Tag Archives: innovation

Lessons from Machiavelli – Part 1

“The first method for estimating the intelligence of a ruler is to look at the men (sic) he has around him.” – Niccolò Machiavelli

Machiavelli was referring to how loyal and competent a ruler’s team is.  The ruler’s wisdom is reflected in her/his ability to select capable people and keep them loyal to him/herself.

Machiavelli’s insights are still useful today, however with the span of almost 500 years we can also look at this through an additional lens. Through research, and not just warm fuzzy feelings about inclusion, we know the more diverse a team, the more intelligent decisions the team will make.  A diverse team has the ability to challenge my assumptions or perceptions.  Nothing interesting starts with knowing.

So, the modern leader, not only needs the wisdom that Machiavelli refers to of choosing capable people, but also the wisdom to select a diverse team.  There has been lots of emphasis placed on diversity that is visible – such as gender and ethnicity.  And this is a great place to start. But, what about the diversity that is not visible – thinking differently? different personalities? political persuasions? religions? educations?

Working in a diverse team requires not just our functional expertise. We can no longer assume we have the same experience, same network and same perceptions as the rest of the team.  Instead, we need a curious mind and a humble attitude.  We need to be able to listen, really listen, collaborate, ask great questions, and think deeply.

Finally, each member of a diverse team has to provide unique value. When a team is diverse there is no room for passengers.  So each person on the team has to be able to balance listening, with speaking up with insight… No pressure!

So, how would Machiavelli rate your team?

  • How diverse is your team?
  • Out of 10, how do you rate the capability of your team to meet today’s challenges?
  • Does your team have a mindset that enables diversity? is it curious? is it humble?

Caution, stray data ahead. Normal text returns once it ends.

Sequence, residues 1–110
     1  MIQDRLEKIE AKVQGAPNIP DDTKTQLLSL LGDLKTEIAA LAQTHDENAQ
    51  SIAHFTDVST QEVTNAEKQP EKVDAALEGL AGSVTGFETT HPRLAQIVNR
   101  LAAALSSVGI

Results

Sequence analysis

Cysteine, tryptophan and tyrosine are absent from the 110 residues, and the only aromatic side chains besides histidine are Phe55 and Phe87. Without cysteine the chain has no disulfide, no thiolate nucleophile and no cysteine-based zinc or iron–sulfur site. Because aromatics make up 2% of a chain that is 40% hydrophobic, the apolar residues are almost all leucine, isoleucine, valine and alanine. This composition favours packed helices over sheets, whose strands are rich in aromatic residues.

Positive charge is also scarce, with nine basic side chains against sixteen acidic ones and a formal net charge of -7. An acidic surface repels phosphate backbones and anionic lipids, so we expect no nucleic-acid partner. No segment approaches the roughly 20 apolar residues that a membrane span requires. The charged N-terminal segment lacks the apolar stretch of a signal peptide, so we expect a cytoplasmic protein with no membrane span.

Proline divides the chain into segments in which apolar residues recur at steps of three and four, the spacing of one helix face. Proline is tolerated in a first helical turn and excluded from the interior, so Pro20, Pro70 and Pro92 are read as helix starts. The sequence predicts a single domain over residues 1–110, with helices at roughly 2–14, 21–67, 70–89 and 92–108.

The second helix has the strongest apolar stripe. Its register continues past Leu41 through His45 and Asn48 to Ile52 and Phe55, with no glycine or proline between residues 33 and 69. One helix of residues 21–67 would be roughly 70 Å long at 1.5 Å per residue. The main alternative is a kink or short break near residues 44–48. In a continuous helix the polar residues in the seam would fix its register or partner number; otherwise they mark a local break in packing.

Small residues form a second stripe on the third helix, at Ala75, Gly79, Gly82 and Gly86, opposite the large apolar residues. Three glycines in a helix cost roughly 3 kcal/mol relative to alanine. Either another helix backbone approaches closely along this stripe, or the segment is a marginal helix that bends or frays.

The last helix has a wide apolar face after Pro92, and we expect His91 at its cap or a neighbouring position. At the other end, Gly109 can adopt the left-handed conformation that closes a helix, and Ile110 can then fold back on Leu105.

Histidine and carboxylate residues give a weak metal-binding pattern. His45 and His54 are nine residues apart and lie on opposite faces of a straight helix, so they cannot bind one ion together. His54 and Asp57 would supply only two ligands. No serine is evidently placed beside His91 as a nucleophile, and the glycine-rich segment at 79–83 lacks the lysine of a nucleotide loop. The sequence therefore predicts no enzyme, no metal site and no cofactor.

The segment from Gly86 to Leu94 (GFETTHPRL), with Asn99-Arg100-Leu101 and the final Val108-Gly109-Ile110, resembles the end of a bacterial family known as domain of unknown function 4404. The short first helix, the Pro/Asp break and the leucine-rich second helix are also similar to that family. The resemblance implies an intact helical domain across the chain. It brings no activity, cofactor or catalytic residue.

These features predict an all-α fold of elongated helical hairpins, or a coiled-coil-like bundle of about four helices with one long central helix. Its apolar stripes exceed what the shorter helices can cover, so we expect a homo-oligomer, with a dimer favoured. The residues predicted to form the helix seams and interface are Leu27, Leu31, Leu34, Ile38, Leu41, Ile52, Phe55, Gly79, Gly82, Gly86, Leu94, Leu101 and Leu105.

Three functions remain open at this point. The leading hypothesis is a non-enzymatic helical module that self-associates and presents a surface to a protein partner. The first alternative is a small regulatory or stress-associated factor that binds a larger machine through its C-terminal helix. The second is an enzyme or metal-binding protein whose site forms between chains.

• Does your team have the skills needed to embrace diversity – listening, asking good questions, collaborating and deep thinking?
  • Do you have any passengers?

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Have you learnt to fail in a perfect world?

With many children returning or starting school this week, my mind has turned to how we learn.  In particular, how and when we learn to fail.

At early years, our kids learn that getting something “wrong” is bad. Our brains are wired to listen to fear more than reward and we play it safe. So, it is no wonder that when we get to the workplace we arrive with a strong aversion to failure.

We are surrounded by systems that demand perfection. We want customers to have a perfect experience – 100% of the time. We want products that are perfect or we want a refund.  We want shareholders to get healthy and ever growing dividends. We want trains to run on time. Our “reality” TV “actors” have white teeth and wake up perfect hair.  Our Facebook poses must be perfect and natural.  Even our bananas have to be blemish free.

Yet the enduring adage of successful innovators is to fail fast, fail often, fail forward, fail cheap, ….

Learning to fail takes self awareness, self control, reflection, humility, resilience, humour, graciousness, vulnerability, patience and an appetite for risk. Sometimes, failure can be served with a side dish of anger, frustration, self loathing, shame, guilt and sleepless nights.

Our reality is that we are caught in a conundrum – working in a system that generates operational excellence to be successful today but knowing we must innovate (and fail) to be successful tomorrow.  We have to be ambidextrous.  It takes wisdom to know when to be “perfect” and when to fail.

  • When did you last fail?  What did you learn? How did you respond?
  • Who have you shared your failures with?
  • Do your team know when they can fail?  What do they think your response to their failure would be?
  • What have your taught your kids about failure?

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